G.W. Mason was appointed Justice of the Peace for Oak Creek Township by the County Commissioners to fill the vacancy left by the resignation of George King at mid-year. There were sufficient notices needing to be served in the Township on behalf of the County to justify filling the position. The appointment had been stalled by concerns, on the part of Commissioners from other parts of the county, that the position might not be justified based on needs of the county.

Fred Powell announced that the Powell Furniture store would open on Monday, November 15, in time to purchase goods needed for the Thanksgiving holiday as well as for the Christmas holiday season. The store would carry many ready-made furniture items as well and both metal and wooden household items that every home needed at very reasonable prices.

A new judge was appointed by the County Court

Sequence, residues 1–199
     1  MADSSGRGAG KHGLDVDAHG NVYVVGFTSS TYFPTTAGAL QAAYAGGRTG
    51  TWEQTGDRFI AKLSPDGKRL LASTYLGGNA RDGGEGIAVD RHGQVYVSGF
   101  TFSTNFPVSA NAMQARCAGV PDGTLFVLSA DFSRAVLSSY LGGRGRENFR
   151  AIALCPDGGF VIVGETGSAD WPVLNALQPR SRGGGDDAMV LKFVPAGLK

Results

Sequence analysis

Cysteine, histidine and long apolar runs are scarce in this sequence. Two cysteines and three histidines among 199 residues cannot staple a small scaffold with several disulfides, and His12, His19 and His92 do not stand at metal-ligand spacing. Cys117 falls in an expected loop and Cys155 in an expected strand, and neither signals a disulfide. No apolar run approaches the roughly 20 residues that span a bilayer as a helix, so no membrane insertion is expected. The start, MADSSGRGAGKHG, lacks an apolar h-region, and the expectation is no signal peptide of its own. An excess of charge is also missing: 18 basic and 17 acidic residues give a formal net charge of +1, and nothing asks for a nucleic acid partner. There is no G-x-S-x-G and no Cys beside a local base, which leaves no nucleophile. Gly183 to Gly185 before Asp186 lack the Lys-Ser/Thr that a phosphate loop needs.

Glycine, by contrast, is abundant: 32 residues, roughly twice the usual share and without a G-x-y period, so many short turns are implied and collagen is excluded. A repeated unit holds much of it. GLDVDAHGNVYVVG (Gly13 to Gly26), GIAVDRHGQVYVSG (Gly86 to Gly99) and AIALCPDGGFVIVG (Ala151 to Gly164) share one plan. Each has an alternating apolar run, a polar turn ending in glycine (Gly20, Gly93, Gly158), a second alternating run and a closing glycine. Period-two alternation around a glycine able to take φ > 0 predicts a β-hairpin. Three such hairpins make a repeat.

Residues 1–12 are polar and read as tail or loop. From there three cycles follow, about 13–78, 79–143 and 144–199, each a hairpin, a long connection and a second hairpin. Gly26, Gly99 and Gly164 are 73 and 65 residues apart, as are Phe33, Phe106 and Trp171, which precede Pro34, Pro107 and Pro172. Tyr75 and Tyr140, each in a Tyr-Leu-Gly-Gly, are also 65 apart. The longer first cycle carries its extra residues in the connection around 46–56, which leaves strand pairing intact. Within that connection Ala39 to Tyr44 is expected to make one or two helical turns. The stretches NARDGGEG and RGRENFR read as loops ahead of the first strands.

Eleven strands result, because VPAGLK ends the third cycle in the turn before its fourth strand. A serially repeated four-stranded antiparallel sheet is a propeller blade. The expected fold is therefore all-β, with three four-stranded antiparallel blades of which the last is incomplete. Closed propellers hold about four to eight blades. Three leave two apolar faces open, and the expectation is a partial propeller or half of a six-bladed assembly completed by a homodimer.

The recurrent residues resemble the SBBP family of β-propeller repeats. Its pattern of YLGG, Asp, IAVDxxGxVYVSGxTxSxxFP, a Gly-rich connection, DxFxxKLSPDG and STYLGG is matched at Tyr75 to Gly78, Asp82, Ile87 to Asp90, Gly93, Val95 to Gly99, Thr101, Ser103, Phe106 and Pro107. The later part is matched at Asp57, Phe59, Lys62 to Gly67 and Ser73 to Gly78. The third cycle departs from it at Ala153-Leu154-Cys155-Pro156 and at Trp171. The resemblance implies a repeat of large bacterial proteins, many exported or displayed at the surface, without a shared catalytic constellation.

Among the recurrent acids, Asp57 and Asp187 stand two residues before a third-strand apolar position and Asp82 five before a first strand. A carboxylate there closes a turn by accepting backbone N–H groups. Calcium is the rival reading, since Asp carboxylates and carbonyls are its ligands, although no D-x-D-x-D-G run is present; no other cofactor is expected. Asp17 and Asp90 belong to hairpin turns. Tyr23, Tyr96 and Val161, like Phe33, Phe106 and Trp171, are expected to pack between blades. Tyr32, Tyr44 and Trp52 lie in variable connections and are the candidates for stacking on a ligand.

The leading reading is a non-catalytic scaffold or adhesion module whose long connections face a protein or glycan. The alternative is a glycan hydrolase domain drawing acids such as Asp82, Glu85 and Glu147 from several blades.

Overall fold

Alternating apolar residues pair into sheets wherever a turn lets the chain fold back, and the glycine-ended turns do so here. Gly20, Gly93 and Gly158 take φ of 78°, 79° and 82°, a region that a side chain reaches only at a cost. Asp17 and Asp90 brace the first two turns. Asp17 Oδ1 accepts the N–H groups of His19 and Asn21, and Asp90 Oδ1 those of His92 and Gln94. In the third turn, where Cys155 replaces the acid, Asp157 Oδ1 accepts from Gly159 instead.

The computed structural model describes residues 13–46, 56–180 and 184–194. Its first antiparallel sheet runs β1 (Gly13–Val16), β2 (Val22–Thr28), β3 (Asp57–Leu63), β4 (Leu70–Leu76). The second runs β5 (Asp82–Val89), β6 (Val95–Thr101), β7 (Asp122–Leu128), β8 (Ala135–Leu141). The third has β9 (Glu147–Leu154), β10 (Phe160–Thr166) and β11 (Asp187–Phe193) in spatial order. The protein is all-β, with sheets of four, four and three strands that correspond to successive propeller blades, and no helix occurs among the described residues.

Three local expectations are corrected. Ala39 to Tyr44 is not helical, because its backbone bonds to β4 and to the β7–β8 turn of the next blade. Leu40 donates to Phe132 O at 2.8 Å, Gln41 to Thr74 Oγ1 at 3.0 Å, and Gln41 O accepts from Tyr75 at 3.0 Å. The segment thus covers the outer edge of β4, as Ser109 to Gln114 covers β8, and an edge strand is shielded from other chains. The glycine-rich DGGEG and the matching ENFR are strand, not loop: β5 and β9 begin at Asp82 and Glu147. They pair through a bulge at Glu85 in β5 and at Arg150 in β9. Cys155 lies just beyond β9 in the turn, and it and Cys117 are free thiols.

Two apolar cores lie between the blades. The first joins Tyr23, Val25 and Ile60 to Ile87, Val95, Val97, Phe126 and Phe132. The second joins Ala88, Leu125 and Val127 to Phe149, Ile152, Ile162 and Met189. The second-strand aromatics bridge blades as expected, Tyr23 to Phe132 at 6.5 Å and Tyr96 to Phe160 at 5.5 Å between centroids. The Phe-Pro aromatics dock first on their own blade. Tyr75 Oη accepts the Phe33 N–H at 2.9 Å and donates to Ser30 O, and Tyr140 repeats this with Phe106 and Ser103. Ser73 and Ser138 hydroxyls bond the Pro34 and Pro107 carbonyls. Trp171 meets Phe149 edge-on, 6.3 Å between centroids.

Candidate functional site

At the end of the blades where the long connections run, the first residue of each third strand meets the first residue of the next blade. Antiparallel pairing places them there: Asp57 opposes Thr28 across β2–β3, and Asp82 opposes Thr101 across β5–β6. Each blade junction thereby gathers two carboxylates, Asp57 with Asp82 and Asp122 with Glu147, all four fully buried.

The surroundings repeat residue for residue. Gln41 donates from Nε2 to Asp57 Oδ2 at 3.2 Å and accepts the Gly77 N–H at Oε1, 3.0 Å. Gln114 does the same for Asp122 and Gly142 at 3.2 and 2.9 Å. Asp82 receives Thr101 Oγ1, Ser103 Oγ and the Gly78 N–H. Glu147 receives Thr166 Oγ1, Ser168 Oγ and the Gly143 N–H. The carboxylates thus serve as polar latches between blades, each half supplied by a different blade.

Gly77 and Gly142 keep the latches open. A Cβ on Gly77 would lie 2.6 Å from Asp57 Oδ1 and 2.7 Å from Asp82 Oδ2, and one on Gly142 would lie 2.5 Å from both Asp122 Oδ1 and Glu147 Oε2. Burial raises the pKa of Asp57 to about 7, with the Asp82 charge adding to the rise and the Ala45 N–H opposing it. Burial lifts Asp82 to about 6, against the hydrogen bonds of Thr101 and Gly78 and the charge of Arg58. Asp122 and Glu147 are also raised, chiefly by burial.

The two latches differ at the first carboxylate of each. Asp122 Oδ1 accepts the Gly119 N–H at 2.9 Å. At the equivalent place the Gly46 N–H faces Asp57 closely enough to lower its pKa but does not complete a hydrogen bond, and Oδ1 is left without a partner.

The new judge used the gavel
The new judge used the gavel | Source

December items of interest

Powell Furniture had large advertising spaces in each issue of the Oak Springs Enterprise with special items of interest to their customers. Mr. Powell seemed very anxious to make potential customers here in his new “adopted hometown,” as he said it, feel welcome and wanted.

The Enterprise was also filled with ads from all the merchants in town, of course, leading up to the Christmas holiday season. The Chamber of Commerce had led an effort to assure that, as much as possible, evening shopping hours were coordinated among the merchants so the stores were opened and closed at about the same times so customers would be able to shop in all the stores when they wanted to.